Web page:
If you're old enough to remember penny candy, you probably remember Ice Cubes. If you can remember nickel candy, you may even remember them. They used to be right beside the check-out counter, little squares of chocolate in blue wrappers showing a polar bear, and called "Ice Cubes."
I never have figured out why they got their name. They don't taste like most other chocolate, possibly because they're made in Germany. These days the wrapper is gold, and the only way I can get them is to buy them by the 120 count, 2 lb. tub from a few on-line candy retailers like the Candy Depot. Shipping is much less expensive in winter than in summer, by the way; in summer they require that you pay for overnight shipping, and they'll come in styrofoam with ice packs. The cost of that is almost as much as the cost for the candy. I got them last right at the end of winter, and paid $14.23 for 3-day shipping from UPS. I could have chosen a slightly less expensive method, but I wasn't sure how long our weather would be cool.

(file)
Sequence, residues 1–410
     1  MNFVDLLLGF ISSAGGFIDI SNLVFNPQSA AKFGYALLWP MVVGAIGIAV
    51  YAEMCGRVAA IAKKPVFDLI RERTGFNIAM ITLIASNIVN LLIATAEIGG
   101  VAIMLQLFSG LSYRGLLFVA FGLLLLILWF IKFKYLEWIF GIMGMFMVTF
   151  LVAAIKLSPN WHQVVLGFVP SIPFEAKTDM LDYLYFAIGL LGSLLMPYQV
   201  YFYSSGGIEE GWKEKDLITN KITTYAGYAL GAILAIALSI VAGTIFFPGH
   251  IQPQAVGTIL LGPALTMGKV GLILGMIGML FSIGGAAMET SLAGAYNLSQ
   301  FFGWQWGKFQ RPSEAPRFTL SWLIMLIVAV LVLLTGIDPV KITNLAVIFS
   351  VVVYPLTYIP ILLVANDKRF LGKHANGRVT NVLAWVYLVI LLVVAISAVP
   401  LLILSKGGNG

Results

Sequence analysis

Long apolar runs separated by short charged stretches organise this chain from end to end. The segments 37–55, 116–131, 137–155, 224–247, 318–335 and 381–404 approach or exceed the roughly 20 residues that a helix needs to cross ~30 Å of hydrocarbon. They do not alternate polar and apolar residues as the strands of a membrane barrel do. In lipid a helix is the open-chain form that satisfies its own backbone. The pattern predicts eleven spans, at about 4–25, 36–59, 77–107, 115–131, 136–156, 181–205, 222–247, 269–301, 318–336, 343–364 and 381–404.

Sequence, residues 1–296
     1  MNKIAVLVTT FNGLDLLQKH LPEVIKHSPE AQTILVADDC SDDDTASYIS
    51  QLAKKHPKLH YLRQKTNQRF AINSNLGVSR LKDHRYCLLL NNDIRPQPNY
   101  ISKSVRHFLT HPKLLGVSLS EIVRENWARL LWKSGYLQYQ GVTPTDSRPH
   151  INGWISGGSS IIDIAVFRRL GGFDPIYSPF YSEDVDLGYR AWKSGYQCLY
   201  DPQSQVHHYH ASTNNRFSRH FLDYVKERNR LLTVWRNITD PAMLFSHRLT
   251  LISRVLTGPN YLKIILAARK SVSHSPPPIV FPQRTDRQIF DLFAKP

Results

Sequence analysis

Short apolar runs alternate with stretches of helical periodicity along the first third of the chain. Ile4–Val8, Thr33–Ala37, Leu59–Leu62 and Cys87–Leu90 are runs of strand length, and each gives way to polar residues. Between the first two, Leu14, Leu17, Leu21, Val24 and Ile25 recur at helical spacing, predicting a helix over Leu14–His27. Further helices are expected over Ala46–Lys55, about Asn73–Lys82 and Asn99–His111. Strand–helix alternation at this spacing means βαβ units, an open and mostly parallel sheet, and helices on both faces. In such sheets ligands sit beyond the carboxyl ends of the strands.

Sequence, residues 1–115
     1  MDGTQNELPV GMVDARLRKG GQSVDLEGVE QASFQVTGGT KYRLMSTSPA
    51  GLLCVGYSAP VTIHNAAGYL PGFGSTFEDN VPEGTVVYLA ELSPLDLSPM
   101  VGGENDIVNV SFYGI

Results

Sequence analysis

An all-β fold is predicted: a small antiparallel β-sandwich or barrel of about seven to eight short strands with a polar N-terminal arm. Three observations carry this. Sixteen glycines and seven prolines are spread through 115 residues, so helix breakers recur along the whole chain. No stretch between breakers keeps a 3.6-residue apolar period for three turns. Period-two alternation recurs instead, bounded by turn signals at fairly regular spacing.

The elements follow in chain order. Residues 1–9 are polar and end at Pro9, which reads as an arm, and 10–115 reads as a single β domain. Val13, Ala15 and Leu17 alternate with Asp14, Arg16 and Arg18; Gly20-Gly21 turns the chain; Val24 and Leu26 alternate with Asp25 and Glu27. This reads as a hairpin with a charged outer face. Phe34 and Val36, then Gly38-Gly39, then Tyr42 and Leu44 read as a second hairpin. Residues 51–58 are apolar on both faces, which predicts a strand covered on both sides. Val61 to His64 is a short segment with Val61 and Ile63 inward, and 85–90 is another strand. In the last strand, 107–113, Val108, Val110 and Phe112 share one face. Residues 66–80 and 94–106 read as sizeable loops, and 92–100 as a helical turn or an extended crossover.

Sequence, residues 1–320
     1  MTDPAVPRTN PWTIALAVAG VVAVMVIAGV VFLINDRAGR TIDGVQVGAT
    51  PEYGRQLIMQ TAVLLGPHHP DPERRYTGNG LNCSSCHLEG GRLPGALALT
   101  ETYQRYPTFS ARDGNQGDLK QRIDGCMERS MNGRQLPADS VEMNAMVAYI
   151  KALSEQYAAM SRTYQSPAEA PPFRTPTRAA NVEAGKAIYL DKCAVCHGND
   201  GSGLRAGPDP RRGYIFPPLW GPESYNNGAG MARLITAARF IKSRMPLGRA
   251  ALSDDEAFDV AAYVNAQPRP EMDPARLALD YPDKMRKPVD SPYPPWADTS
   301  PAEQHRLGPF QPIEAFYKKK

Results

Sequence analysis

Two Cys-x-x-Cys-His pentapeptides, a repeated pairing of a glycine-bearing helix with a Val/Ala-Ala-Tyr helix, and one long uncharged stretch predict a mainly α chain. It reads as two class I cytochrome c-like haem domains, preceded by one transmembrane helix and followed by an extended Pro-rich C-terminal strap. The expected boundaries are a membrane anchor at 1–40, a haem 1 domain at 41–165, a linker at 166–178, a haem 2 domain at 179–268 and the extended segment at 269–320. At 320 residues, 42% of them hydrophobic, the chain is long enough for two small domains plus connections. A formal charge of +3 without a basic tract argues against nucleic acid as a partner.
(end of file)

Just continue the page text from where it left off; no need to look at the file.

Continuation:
These are definitely a special occasion chocolate these days. The penny days are over for Ice Cubes, and now if you want them, you'd better REALLY want them, because those 120 pieces last a long time, especially when you realize that they have 64 calories in one little piece, and 44 of those calories are from fat. So, I limit myself to one a day, and not every day. And I'm proud of myself because although I love them, I've only gotten them twice in the last 10 years.
If only I could find them by a check-out counter again, probably at 50 cents for a little piece, I'd probably buy one more often. That tub is just a little intimidating. If you haven't ever tried them, I'd suggest that you try to find someplace where you can buy just one, to try. As I said, they don't taste like any other chocolate I've tried (they're milk chocolate, by the way, not dark), and they may not please every palate. I give them two slightly chocolatey thumbs up (maybe they call them Ice Cubes because they melt so quickly?!).